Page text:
River is full and sloshed and sidling up valley.
City, town and highway bend to water.
House has stood a century, sits on hill,
has crooked eyes and broken teeth.
Street slinks into deep.
Islands disappear, man by man.
Here is a paddle, a shovel, a hat, a belt buckle.
You decide who’ll be saved:
the men who pour concrete,
the hippos in the zoo,
the stuffed moose in your living room.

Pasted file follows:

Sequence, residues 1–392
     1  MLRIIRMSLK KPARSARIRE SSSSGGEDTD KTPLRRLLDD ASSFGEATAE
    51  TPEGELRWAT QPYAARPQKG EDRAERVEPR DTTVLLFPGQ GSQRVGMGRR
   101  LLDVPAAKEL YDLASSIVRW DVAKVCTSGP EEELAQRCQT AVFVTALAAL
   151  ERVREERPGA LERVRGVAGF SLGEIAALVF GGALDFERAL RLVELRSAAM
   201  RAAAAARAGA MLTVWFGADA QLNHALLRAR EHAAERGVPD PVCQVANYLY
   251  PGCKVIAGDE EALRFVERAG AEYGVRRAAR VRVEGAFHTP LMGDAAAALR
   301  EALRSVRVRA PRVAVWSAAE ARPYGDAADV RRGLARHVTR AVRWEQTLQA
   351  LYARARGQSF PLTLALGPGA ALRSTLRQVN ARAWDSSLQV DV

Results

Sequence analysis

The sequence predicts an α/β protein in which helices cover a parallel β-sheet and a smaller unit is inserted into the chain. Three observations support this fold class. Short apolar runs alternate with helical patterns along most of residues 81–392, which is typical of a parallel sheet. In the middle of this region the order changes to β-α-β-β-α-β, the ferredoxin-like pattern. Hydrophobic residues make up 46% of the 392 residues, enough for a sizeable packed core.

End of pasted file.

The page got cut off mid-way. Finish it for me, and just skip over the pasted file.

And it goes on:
Adèle Barclay‘s writing has appeared in The Fiddlehead, The Puritan, PRISM, The Literary Review of Canada, and elsewhere. She is the recipient of the 2016 Lit POP Award for Poetry and the 2016 Walrus Readers’ Choice Award for Poetry and has been nominated for a Pushcart Prize. Her debut poetry collection, If I Were in a Cage I’d Reach Out for You (Nightwood, 2016), recently won the Dorothy Livesay Poetry Award. She is the Interviews Editor at The Rusty Toque, a poetry ambassador for Vancouver’s Poet Laureate Rachel Rose, and the 2017 Critic-in-Residence for Canadian Women in Literary Arts.